Family Law Overview
Uncontested cases may be tried or disposed of at any time whether set or not, and may be set at any time for any other time without notice to the respondent. In this context, "uncontested'' means that the respondent waived service or did not answer after being served with citation or that the parties are in agreement and need only to put on evidence to that effect. On the other hand, if the respondent has made an appearance, the case is not "uncontested,'' regardless of the tenor of the respondent's pleading, and the respondent is entitled to notice of a trial date.
A suit affecting the parent-child relationship may be entitled to a preferential setting, taking a day and time for the trial ahead of other civil cases filed earlier. The Family Code provides that the court may grant a motion for a preferential setting filed either by a party or the attorney or guardian ad litem for the child if, after hearing, the court finds that the delay created by ordinary scheduling practices will unreasonably affect the best interest of the child
Nonetheless, unless the trial date is set by agreement, all parties must receive reasonable notice–at least 45 days' –of the first setting for trial. Thus, a party who has made an appearance in a contested proceeding, by filing a written answer or otherwise, is entitled to 45 days' notice of the first trial setting.
Judge or Jury Trial
Then there are disputed issues appropriate for determination by a jury (asset value, child custody, fraud, cruel treatment, and the like, counsel's decision to request a jury trial should involve consideration of such matters as:
• the attitudes (and past history in similar cases) of the trial judge, as well as the the attitude, feeling, or climate of the community regarding the issues to be presented. Note – Often, commentators, seminar speakers, some judges, and many trial lawyers believe that a jury may be swayed by emotion more so than a family court judge. This may well be true, despite the fact that the jury will be instructed not to let sympathy play a part in it decision.
• The abilities of the attorneys, understanding that some just have a better rapport with jurors than others.
• The increase in cost to the client stemming from a jury trial.
• The length of time that may be necessary to get a setting on the court's jury docket, as opposed to a nonjury setting.
• The need for a child to testify or to express a choice about custody. In a nonjury trial, the judge may interview the child in chambers; in a jury trial, the child may not be competent to testify, depending on his or her "intellect to relate transactions,'' as determined by the trial judge. If the child is 12 or more years of age and has a choice for managing conservator, his or her testimony would be very persuasive with a jury; the trial judge, on the other hand, is not bound by the choice.
Picking the Jury
Prospective jurors are selected by county officials, usually by using a process known as the jury wheel, or a computer. Persons selected are summoned to the courthouse and empaneled by a judge into a central or general panel. From the general panel, prospective jurors are randomly selected and assigned for service in a particular court. In most counties where there is more than one court and the panel members are interchangeable among them, a litigant may demand that the trial judge to whom jurors are sent from the general panel "shuffle'' the list; that is, that the names of those on the assigned panel be placed in a receptacle, shuffled, and drawn, then transcribed in the order drawn to comprise the list from which the trial jury is to be selected.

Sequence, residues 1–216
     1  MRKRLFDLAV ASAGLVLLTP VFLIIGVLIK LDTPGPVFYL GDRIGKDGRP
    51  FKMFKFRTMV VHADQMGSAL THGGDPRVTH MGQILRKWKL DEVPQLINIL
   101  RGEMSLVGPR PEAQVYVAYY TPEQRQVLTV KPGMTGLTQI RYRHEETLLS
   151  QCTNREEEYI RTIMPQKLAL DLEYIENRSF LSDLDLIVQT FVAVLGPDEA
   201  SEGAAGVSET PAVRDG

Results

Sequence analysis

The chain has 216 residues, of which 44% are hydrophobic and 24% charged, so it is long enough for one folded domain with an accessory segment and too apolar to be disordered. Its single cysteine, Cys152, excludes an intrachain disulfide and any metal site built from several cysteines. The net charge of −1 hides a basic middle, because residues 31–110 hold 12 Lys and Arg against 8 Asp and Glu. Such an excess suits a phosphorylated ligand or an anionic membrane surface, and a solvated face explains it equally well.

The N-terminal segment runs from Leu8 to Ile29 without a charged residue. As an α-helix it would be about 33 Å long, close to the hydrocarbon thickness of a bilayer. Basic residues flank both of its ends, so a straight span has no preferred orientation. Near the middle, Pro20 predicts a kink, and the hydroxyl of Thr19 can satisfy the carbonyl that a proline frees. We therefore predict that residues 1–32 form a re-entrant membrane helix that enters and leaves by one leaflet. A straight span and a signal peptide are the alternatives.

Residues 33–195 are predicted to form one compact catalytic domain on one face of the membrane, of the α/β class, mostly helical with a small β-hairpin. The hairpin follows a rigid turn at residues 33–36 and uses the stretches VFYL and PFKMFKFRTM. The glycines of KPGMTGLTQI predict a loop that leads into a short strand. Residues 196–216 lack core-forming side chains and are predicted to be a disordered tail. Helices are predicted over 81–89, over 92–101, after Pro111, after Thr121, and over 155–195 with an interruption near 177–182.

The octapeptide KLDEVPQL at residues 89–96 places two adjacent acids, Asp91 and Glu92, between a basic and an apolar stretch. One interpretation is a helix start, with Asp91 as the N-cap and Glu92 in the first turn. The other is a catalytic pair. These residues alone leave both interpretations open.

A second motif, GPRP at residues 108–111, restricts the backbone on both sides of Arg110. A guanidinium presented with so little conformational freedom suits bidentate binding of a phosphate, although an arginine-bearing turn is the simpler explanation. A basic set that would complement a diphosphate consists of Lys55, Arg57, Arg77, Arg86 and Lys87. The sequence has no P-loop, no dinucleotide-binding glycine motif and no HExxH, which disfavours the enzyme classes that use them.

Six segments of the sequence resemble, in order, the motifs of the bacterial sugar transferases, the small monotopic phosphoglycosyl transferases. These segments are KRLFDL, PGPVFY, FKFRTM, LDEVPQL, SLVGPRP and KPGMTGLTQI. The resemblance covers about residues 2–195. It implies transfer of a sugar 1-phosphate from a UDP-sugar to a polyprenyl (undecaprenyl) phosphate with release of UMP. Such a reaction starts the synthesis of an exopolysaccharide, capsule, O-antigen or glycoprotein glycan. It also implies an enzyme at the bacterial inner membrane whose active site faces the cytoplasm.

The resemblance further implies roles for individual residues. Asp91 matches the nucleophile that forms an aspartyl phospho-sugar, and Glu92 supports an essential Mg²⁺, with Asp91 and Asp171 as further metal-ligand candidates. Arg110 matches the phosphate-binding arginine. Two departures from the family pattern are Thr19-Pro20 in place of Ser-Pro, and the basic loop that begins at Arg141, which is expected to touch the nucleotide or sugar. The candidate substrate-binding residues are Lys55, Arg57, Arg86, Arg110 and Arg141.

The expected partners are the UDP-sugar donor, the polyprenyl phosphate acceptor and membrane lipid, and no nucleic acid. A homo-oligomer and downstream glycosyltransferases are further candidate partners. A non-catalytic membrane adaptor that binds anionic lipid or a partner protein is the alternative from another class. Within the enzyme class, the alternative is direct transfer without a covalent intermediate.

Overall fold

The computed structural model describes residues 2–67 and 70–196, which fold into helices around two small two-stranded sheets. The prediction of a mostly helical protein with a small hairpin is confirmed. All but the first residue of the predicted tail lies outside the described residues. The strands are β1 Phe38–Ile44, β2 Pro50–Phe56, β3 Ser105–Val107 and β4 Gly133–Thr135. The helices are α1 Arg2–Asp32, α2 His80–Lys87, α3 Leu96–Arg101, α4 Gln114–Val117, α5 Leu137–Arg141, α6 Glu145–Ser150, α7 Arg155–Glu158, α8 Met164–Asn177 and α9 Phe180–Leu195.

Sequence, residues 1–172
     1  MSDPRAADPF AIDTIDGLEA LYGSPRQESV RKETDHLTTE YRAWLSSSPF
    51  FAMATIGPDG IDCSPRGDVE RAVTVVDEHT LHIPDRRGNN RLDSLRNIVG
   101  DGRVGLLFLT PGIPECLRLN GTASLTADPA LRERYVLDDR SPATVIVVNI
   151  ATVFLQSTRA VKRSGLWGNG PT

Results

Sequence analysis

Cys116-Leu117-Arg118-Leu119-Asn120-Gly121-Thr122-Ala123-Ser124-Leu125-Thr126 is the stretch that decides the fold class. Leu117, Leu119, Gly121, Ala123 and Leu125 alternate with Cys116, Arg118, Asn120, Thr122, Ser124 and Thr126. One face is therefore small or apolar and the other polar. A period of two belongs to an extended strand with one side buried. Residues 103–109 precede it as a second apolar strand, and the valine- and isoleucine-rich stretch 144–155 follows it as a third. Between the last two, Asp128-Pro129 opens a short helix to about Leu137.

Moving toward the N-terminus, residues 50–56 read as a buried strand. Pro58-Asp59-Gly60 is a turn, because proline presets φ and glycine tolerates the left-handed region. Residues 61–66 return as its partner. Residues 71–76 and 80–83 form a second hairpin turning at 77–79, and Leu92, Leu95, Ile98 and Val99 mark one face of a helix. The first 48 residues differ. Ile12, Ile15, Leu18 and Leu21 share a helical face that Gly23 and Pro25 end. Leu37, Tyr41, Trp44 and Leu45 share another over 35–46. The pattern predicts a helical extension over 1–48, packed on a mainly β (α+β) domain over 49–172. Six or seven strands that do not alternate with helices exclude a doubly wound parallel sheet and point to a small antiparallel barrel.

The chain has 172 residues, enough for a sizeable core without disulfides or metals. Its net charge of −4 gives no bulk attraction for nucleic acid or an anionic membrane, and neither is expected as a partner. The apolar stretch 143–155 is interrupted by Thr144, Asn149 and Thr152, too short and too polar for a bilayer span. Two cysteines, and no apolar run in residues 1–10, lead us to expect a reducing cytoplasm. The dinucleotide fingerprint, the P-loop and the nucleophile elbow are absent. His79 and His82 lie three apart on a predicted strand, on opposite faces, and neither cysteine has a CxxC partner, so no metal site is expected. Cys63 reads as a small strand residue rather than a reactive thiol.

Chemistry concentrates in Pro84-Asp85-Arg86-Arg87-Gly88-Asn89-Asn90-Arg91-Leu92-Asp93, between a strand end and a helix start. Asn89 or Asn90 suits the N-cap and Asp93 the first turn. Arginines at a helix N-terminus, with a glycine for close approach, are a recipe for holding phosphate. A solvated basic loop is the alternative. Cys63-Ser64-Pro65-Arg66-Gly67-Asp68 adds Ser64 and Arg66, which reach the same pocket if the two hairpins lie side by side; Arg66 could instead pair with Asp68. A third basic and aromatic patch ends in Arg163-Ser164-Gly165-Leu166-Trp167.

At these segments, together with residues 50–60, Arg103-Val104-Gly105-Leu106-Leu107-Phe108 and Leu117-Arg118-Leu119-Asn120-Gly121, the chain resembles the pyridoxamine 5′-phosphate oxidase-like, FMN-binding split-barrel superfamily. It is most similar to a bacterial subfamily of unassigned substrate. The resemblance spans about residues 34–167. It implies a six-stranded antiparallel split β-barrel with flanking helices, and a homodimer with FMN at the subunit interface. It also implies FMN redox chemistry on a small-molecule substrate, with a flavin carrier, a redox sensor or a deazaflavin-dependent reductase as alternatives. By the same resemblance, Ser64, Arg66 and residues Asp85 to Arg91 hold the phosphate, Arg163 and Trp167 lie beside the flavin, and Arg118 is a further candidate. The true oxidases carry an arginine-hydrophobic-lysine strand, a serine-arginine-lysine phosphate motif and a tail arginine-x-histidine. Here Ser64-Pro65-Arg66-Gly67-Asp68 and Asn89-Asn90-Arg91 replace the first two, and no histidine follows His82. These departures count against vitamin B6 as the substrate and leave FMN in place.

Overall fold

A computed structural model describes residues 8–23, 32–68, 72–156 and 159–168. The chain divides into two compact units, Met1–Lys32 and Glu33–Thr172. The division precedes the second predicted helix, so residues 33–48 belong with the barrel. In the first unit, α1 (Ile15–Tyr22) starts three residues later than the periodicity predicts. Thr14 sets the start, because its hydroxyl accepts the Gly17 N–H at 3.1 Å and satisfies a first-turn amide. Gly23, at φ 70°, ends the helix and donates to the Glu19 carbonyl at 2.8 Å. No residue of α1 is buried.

Once the panel for the particular case is in the courtroom, the trial judge will administer an oath to the prospective jurors to the effect that each of them will give true answers to all questions concerning juror qualifications, as well as read certain admonitory instructions, which typically include an introduction of the parties and their respective counsel.
In Dallas courts, the trial judge will ask general questions of the panel concerning their qualifications as to the particular case at hand, such as knowledge of the facts or parties, involvement in similar litigation, and so on. Counsel should take note of the responses of the prospective jurors and not repeat the inquiries during voir dire. Additionally, Dallas courts allow counsel to submit jury questionnaires to be filled out by jurors before voir dire. A great deal of personal and financial information can be obtained in this way.
At the conclusion of the judge's opening remarks and admonitory instructions, the attorneys are allowed to examine the panel by what is known as “voir dire'' examination, with the party having the burden of proof in the case going first. The attorneys will be given a list of the prospective jurors' names and addresses, usually showing the names (and a corresponding number) in the order in which the jurors are seated in the courtroom. In some counties, the jurors have completed a questionnaire while in the central jury room. The questionnaire from each juror will be furnished to counsel as the prospective jurors are being seated in the courtroom.
The examination of prospective jurors is intended to allow the parties to uncover any prospect's bias or prejudice against a party or some issue or contention in the case. So that a prospective juror may answer truthfully any questions about past experiences or background that could sway his or her decision, counsel should explain the nature of the case, the evidence expected, and the contentions that will be made, then proceed to question the panel and the prospects.
A challenge for cause is an objection to a juror, stating some fact that disqualifies the juror, such as:
• Interest in the subject matter of the case.
• Relationship to a party.
• Bias or prejudice in favor of or against a party in the case.
• Renders the person unfit to serve on the jury.